Doing a free text search means that you use keywords that you think fit well on the topic. In a keyword search, you instead use the database's own predetermined keywords. Subject words, so-called subject terms / headings, are used in the databases to describe what the material is about and have approximately the same function as tags in social media.
In the picture below you can see the advantages and disadvantages of each search method. The combination of the two search methods is important for you to get a comprehensive picture of the research that exists on a topic.
Film - Keyword search (03:16)
Film - Searching with subject headings (05:35)
There are several different ways you can apply when searching the databases. Two common ways are those that are usually called snowballing and block search.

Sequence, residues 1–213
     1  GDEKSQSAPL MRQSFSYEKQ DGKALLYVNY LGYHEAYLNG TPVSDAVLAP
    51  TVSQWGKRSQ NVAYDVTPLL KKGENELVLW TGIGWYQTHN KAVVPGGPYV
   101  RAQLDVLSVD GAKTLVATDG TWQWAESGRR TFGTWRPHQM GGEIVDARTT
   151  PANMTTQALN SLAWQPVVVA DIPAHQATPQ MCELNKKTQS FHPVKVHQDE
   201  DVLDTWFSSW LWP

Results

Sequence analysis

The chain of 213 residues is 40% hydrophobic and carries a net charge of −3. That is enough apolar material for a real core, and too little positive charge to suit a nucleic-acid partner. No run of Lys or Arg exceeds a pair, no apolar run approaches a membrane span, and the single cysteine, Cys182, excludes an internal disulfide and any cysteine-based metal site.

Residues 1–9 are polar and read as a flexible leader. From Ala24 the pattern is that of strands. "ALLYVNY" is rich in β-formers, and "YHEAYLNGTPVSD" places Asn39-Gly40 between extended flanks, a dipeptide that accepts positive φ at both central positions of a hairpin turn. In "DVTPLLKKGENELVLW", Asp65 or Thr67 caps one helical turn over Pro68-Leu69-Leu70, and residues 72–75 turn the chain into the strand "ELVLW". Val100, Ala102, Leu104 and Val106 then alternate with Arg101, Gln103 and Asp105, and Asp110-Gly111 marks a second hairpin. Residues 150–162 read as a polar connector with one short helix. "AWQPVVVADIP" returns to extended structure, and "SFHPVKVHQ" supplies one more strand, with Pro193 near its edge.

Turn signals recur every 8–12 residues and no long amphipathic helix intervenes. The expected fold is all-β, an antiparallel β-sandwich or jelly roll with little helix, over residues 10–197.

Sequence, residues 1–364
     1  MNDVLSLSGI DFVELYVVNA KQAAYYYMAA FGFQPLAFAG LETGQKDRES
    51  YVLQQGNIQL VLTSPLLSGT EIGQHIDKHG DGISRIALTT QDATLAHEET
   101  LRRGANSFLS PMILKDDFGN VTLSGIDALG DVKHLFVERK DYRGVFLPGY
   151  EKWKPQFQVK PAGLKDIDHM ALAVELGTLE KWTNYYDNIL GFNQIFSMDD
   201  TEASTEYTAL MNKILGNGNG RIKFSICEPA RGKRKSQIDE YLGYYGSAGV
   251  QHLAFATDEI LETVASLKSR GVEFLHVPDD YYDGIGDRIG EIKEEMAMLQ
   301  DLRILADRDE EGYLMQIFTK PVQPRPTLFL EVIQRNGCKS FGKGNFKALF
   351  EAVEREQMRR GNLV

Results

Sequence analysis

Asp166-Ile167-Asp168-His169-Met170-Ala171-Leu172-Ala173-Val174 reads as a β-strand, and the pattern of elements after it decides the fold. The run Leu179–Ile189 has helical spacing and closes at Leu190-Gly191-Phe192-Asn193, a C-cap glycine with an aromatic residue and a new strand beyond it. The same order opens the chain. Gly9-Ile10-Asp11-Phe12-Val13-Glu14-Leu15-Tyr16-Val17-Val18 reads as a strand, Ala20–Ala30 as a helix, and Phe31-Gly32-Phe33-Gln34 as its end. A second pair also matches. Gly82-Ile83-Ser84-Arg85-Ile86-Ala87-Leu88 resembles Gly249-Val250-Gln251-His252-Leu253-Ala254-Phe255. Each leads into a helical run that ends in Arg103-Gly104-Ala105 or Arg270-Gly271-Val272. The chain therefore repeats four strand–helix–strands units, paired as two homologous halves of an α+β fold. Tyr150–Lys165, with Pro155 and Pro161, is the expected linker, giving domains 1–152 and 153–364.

Snowball search (citation pearl growing) means that you start from a known relevant article and through it find more articles. You look up the reference in a database and see which search words have been used to describe the content of that article and then you search further with them. Also check the references of the relevant article to see if there is anything there that you can use. You can also start from a relevant researcher. Search for the researcher in a database and find out what the researcher has published more.
Building-block strategy means that you perform your search with different blocks of search words. Within a block, search words that are related to each other are combined with the OR operator. A block can consist of several different synonyms, abbreviations or variations of a, search words such as free text or subject words. To combine your different blocks in one search, use the AND operator.